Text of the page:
Taking our social lives outdoors for the summer has meant that intimate moments are being shared with others that were previously uninvited.

This week I learned about a photographer in New York who secretly takes photos of people’s phone screens as they are texting on the subway. He shares the photos of those private conversations on his website.

In my neighborhood where the yards are small and each one connected to the other, I feel like I am living my own version of experiencing these things that aren’t meant to be shared with others… and others are experiencing mine.

Last week I heard the tearful reunion of a stepdaughter and stepfather who carried on from a tall deck into the night. She broke down repeatedly, laying bare all manner of transgressions and how those childhood traumas have made a mark lingering long into adulthood.

I saw a neighbor’s friend pull his pants down on the front porch of the house in a moment of raucous hilarity that was not likely to be recalled the following morning and certainly wasn’t meant to be witnessed by me.

I’ve heard a woman having an orgasm from an open window, a brother and sister repeatedly arguing over the same issue, and a grandmother recalling a story from her youth overseas for her grandchildren.

Last week my daughter had a group of friends over in our yard, ostensibly for a safe socially distanced gathering which turned out to be anything but. The kids gathered around a table elbow-to-elbow, laughing and singing along to music that was playing too loud. It was the kind of normal teen moment that isn’t permissible any longer. For a moment, it was so very lovely.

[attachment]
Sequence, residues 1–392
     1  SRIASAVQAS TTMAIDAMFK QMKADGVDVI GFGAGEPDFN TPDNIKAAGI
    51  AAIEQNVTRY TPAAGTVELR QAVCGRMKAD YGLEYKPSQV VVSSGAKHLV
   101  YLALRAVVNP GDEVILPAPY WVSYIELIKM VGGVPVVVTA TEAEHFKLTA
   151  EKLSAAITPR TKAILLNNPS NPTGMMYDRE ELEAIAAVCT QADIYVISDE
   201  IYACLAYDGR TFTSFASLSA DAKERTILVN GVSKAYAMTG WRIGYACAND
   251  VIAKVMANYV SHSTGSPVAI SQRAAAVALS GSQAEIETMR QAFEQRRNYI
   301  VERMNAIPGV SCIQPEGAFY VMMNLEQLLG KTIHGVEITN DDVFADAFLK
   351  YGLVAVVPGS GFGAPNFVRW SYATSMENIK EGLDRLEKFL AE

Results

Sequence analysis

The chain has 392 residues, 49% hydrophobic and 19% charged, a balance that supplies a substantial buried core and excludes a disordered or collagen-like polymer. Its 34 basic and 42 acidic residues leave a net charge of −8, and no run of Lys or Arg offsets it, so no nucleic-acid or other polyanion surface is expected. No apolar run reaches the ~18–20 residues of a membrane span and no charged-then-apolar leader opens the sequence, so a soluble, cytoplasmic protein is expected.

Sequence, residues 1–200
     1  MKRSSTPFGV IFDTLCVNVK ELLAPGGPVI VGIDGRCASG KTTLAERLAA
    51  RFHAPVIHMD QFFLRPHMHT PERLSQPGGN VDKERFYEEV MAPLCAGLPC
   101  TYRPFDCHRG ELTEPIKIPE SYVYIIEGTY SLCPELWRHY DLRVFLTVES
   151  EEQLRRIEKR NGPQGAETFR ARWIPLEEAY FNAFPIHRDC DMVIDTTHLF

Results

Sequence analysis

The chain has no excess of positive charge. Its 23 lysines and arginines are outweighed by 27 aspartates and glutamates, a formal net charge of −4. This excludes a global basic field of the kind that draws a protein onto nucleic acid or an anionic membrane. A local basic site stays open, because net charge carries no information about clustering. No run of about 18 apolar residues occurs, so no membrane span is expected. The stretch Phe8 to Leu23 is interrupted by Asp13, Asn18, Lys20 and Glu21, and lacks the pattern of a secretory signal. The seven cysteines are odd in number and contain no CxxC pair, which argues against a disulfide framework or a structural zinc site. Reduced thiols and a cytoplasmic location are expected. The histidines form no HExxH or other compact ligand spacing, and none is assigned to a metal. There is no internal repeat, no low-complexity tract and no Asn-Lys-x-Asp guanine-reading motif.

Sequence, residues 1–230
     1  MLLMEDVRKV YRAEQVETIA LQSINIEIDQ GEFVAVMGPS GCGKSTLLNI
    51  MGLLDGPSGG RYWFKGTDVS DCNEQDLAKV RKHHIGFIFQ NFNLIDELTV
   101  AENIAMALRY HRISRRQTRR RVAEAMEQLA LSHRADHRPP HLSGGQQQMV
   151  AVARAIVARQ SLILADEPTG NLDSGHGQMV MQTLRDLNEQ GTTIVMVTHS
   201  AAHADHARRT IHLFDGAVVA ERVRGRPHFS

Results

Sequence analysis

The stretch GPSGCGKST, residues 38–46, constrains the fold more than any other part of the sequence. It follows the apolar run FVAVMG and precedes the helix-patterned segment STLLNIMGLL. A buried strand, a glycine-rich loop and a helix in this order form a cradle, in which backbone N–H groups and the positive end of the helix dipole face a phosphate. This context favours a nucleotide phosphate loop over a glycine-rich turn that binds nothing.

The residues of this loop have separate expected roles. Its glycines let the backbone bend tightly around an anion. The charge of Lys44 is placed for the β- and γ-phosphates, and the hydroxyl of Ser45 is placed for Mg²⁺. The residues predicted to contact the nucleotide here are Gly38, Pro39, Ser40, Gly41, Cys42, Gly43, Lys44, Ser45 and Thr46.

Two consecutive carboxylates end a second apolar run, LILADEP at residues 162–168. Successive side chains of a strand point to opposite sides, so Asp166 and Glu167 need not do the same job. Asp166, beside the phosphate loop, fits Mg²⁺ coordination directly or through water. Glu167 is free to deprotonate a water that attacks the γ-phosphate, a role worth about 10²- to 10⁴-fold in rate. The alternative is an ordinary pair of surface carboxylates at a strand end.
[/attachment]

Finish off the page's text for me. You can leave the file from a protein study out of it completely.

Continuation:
I’d been missing those peals of laughter more than I knew.

There was regret as we put the kibosh on it, regret that we were taking away this exuberant moment of normalcy during a time that is anything but. We shut it down because it wasn’t safe, it wasn’t what we’d agreed upon, but perhaps even more so because the optics among our neighbors as the house where the quarantine rules have gone out the window was not one we could bear to shoulder.

A lot of cities are experimenting this summer with opening drive-in movie theaters for live music or hosting concerts in open fields where you park your car. The problem with these scenarios is that the precautions look good on paper, but once you put a group of people together with some live music and some alcohol, the pandemic is pushed conveniently out of mind.

How could one possibly be infected with something so awful while having such a good time?

It seems to me that there’s a fine line between escaping from the overbearing nature of the pandemic, the cracking open of our systemic racism, the looming election and all the other elements of this unprecedented time and preserving our mental health and some sense of normalcy — before fall comes down the pike and we’re supposed to be supporting our kids with online schooling while working, or looking for work, from home.

So when the boy cries out in the night, or the stepdaughter wails, or the teens gather elbow-to-elbow, welcome them all — because when we’re all inside again, the ache for these unintentional invitations into each other’s worlds will be palpable.

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Julie van Amerongen lives and writes in Portland, Oregon. She is the author of Every.Single.Day.: Unstoppable Lessons from a Year of Running and I Can Do Hard Things: How Small Steps Equal Big Impact, both on Post Hill Press.